When you think back to your best childhood memories, inevitably one of your most treasured memories will stem from a family holiday. But can you really take your young ones on an African safari? The answer is an emphatic yes! It does require some planning but can turn into an enriching family experience which your youngsters will remember for the rest of their lives. You never know, they might even grow up to become conservationists or vets.

We asked our travel consultants (6 out of 7 happen to be mothers) to recommend their best picks of child-friendly safari lodges and hotels which are safe, and have plenty of activities to keep your youngsters entertained whilst teaching them about the African bush, predators and indigenous herbs and plants.

What better way than to take some time out and relax, whilst your little monkeys are in the capable hands of professional rangers who will teach them how to identify and track animal spoor, gain an understanding of the laws of nature and help with conservation programs.

1.     Sabi Sabi Bush Lodge

One of our top recommendations for a family-friendly safari is Sabi Sabi Bush Lodge, located in the environs of the Kruger National Park. This flagship lodge has been set up especially with families in mind and boasts the Elefun Centre, a facility to nurture children’s understanding and appreciation of nature. The experienced staff run junior tracker programs for wannabe mowglis and junior ranger programs for pre-teens, perfect to keep your kids entertained whilst you relax with a pampering spa treatment. Skilled rangers take your kids on tailor-made bush walks and game drives to explore the incredible variety of bugs, birds and wildlife that live in the Sabi Sabi Game Reserve. Activities range from arts and crafts afternoons, scavenger hunts and blindfold adventures.

Gaining an appreciation for nature in the heart of the African bush.

2.     Lalibela Mark’s Camp

We love Lalibela Mark’s Camp for young families because of its location in the malaria free Eastern Cape. What’s more, it’s easily accessible from the Garden Route and Cape Town. The camp is set up accordingly with its big family-sized chalets, safari vehicles that have been adapted for children, a fenced-in camp with two pools, as well as services such as baby-sitting, a full program of activities, arts and crafts for children and a kiddie menu.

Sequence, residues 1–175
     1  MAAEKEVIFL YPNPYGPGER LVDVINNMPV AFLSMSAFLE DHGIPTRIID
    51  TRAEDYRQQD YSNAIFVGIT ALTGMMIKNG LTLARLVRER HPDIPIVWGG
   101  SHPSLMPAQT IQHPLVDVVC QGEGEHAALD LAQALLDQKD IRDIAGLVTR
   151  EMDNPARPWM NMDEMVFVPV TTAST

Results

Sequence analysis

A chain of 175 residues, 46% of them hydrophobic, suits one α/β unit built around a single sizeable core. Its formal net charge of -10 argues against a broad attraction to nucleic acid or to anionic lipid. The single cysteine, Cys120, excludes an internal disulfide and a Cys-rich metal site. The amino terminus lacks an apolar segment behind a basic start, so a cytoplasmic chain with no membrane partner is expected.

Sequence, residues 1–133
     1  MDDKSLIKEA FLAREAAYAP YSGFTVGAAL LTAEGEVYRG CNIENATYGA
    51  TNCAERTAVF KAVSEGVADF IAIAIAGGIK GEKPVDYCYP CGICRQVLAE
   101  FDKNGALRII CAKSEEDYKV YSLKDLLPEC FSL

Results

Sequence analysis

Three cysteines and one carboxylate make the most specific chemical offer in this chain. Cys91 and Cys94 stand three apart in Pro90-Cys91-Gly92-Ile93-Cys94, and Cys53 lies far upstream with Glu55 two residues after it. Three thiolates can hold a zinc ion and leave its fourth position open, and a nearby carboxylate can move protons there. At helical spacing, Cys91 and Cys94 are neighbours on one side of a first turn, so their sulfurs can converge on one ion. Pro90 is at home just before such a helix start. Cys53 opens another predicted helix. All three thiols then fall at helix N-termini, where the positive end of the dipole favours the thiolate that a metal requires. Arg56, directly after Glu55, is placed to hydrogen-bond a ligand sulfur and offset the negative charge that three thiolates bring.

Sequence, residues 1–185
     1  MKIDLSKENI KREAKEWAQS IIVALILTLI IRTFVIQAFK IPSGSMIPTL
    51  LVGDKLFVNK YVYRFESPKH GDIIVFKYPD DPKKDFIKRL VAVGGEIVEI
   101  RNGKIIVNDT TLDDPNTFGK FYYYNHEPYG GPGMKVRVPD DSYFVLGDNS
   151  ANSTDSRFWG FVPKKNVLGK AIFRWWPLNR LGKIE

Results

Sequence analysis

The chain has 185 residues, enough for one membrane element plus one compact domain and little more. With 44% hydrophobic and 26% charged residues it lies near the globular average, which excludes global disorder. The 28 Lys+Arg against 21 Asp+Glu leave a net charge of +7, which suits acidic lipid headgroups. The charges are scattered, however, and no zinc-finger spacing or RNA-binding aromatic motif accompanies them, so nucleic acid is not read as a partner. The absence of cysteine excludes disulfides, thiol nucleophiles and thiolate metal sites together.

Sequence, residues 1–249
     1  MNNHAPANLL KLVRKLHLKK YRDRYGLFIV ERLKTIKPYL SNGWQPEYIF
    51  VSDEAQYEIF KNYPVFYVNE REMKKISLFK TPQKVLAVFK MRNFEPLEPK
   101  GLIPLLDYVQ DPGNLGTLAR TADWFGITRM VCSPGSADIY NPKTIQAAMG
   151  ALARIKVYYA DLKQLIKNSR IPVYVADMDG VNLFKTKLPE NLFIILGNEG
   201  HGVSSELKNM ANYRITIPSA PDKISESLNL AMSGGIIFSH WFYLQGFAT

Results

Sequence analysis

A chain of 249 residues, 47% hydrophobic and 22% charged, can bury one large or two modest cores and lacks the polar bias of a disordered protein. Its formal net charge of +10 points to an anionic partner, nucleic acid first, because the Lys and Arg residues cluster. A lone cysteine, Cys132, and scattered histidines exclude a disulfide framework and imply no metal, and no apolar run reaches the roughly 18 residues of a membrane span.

3.     Shamwari Game Reserve

Shamwari Game Reserve is one of our favourite family safari destinations for a number of reasons. Also located in the malaria free area of the Eastern Cape, it offers six lodges with options to suit all budgets. We recommend booking the colonial-style Riverdene Lodge with inter-leading luxury rooms, a supervised playroom and rim flow pool, as well as a jungle gym and rolling green lawns perfect for the little ones to run around on. There’s a child co-ordinator to talk you through activity options for your man-cubs, excursions to the Born Free Centre, Shamwari Wildlife Hospital and Big Cat Rescue Centre. The reserve is also home to the Shamwari Film Studio, which screens ‘Shamwari – A Wild Life’, a series that recently aired on Discovery Channel’s Animal Planet. Other activities to keep your youngsters entertained include African bead making, face painting, clay making, star-gazing and African story-telling. The reserve itself is 24 years old and well stocked with big predators and an abundance of wildlife.